My handspinner’s guild (Aurora Colony Handspinners Guild) comes up with a fiber challenge each year for the membership. The challenge is given in the fall and the finished projects are presented at either the January or February guild meeting. The latest challenge was called the Electric Kool-Aid Fiber Test Challenge or as I like to say, 50 shades of Ken Kesey.
We were given 4 ounces of white polwarth fiber (wool) and two packages of Kool-Aid (our choice of colors). For the challenge, we were to dye our fiber in the Kool-Aid and use it in a project. The only rule was that the finished item must show some of the original Kool-Aid color.
Being a practical minded person, I decided to try my hand, so to speak, at knitting some gloves. Once I had decided on what to knit, I went to Ravelry.com and found a free glove pattern. The polwarth was then spun up in DK weight (or something close to that). It was then dyed in three packages of dark cherry and one package of another red Kool-Aid. The yarn ended up a pretty coral color. Not being one to really wear this particular color I went through my handspun yarn stash and came up with some grey wool yarn and some leftover black alpaca.
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I am a somewhat challenged knitter so the finished product is less than perfect, but very wearable. They remind me a little of a coral snake with their stripes. They will be a humble offering compared to what others will be showing at the next guild meeting, but I completed the Kool-Aid Fiber Test challenge, which is usually the biggest part of the challenge.
If you are interested in using Kool-Aid to dye yarn or fiber, below are the instructions as provided by our guild (adapted from a post titled “Dyed in the wool” from Knitty.com), have fun!
Wash fiber lightly in mild soap and let it soak. Empty your Kool-Aid mix into your pot/dish with some water. Stir to dissolve. Add your yarn and enough water to cover it. The amount of water doesn’t matter, the ratio of dye to yarn does. *1 package of dye to 1 oz. of fiber.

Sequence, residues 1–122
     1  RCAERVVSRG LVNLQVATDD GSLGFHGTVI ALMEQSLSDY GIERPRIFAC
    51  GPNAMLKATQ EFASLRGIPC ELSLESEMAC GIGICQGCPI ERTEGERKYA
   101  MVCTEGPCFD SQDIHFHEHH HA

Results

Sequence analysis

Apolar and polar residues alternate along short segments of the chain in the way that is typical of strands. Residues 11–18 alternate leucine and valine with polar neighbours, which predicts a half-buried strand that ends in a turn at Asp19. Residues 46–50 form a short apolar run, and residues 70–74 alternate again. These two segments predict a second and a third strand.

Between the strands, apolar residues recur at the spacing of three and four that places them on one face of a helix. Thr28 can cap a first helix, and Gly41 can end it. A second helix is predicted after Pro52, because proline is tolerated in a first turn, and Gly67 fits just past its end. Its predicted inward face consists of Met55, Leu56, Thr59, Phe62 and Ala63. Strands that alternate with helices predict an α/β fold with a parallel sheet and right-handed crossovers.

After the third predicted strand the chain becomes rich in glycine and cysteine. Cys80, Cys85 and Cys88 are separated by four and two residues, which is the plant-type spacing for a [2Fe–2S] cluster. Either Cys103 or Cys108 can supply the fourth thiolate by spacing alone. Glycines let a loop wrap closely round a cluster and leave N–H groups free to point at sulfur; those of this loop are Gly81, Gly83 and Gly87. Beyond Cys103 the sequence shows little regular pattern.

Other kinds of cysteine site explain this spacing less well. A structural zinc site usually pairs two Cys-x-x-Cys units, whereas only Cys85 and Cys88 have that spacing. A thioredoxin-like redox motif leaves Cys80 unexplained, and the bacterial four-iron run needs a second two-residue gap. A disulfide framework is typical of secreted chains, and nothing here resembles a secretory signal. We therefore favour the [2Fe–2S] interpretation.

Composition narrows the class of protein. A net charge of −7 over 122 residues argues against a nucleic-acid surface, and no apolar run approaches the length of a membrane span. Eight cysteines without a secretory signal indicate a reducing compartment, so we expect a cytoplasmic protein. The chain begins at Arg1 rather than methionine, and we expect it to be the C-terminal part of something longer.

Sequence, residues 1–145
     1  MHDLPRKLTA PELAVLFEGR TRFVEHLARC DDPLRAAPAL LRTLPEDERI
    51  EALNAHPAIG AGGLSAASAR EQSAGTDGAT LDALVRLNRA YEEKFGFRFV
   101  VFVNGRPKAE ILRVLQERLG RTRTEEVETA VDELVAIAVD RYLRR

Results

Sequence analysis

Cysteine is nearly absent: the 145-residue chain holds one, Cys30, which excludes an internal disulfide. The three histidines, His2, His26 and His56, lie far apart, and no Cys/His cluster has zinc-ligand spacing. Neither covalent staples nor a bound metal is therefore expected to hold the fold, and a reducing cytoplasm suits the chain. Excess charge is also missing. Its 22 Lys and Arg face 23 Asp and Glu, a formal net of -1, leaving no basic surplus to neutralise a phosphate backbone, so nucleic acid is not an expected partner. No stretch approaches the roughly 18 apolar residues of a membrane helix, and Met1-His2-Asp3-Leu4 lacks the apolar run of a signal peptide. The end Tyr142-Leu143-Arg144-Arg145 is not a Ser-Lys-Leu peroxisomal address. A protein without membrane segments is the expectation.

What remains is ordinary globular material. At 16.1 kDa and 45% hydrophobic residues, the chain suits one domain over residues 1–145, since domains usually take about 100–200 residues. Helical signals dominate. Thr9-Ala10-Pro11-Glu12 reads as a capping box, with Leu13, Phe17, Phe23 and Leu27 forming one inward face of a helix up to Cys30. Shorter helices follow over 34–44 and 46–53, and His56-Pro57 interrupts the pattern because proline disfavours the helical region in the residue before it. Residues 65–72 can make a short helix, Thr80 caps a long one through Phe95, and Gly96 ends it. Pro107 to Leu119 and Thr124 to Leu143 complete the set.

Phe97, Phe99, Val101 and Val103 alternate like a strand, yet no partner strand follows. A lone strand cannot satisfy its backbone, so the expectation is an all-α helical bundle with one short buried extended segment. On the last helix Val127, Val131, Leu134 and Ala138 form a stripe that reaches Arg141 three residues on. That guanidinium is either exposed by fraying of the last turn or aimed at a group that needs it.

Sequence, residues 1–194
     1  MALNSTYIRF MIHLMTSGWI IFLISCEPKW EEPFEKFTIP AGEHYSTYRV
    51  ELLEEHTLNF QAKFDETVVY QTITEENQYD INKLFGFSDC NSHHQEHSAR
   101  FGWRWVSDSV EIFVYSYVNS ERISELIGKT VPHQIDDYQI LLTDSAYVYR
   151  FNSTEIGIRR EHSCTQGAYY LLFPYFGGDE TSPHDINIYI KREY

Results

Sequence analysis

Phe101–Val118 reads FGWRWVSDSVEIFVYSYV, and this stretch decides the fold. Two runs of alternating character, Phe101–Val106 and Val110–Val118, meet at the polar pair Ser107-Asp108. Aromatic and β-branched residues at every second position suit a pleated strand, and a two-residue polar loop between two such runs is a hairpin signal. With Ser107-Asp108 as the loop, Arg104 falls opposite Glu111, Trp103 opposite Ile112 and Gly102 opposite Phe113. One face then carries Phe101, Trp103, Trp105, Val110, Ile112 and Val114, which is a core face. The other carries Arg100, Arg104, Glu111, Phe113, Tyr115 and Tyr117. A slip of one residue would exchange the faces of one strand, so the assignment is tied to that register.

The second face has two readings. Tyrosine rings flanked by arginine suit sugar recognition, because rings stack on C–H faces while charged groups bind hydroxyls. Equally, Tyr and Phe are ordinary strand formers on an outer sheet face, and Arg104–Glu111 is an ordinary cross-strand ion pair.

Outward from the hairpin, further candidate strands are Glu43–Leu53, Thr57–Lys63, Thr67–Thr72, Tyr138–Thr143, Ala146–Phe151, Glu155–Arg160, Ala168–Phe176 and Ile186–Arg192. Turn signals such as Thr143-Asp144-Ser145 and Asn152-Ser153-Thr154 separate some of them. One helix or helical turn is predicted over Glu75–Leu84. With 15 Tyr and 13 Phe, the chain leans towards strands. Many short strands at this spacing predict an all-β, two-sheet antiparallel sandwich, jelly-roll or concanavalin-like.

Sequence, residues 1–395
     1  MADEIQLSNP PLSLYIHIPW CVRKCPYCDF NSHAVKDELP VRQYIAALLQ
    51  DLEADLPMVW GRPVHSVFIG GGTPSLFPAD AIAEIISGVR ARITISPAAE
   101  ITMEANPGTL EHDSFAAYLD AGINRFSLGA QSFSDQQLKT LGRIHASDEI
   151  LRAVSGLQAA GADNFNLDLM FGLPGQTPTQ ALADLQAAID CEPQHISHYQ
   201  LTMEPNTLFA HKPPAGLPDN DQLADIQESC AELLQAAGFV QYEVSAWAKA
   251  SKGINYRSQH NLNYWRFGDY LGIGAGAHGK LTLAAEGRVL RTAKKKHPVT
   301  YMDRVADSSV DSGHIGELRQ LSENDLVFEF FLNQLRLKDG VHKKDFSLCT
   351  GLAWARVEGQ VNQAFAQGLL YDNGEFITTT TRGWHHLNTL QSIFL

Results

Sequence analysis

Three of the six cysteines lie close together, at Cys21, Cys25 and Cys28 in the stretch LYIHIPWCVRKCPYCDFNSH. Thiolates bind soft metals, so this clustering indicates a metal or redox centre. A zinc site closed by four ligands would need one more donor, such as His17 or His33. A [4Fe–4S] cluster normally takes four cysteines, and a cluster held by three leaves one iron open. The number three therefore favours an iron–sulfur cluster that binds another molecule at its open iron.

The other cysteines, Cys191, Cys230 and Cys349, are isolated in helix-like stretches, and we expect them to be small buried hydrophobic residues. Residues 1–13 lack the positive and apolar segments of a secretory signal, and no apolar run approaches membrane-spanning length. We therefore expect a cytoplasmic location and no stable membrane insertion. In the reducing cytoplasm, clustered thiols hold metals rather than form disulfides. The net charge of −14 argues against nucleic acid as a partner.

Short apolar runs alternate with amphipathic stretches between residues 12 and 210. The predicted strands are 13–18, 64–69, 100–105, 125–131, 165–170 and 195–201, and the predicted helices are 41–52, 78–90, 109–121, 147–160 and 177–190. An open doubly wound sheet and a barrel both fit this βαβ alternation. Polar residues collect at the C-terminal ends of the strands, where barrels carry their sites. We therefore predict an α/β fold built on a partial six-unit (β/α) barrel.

There are two basic methods of setting the dye; stovetop or microwave. For the stovetop, heat the yarn-filled pot to nearly boiling. Turn it off and let it sit covered for at least half an hour, stirring a few times. If you prefer the microwave, zap your yarn-filled dish for two minutes. Let the yarn rest for a few minutes, and then zap it again for another two minutes. With either method, you will know your yarn is ready if the water is mostly clear. This means the yarn will have absorbed all the dye. If the water is not mostly clear, you may want to heat everything up again for best results. Let the yarn cool. Once cooled, rinse it thoroughly in water the same temperature as the yarn (shocking wool with cool water could cause it to felt). Wash the yarn in mild soap (blue Dawn is good), rinse again and hang to dry.
Guest Contributor: SpinWhiz
Spinwhiz first learned to weave in high school (a very long time ago). Since that time she has taken up a number of other fiber arts, including spinning and knitting. Her local spinning guild, the Aurora Colony Handspinners Guild is a constant source of inspiration.
Browse through more knitting projects and inspiration on Create Whimsy.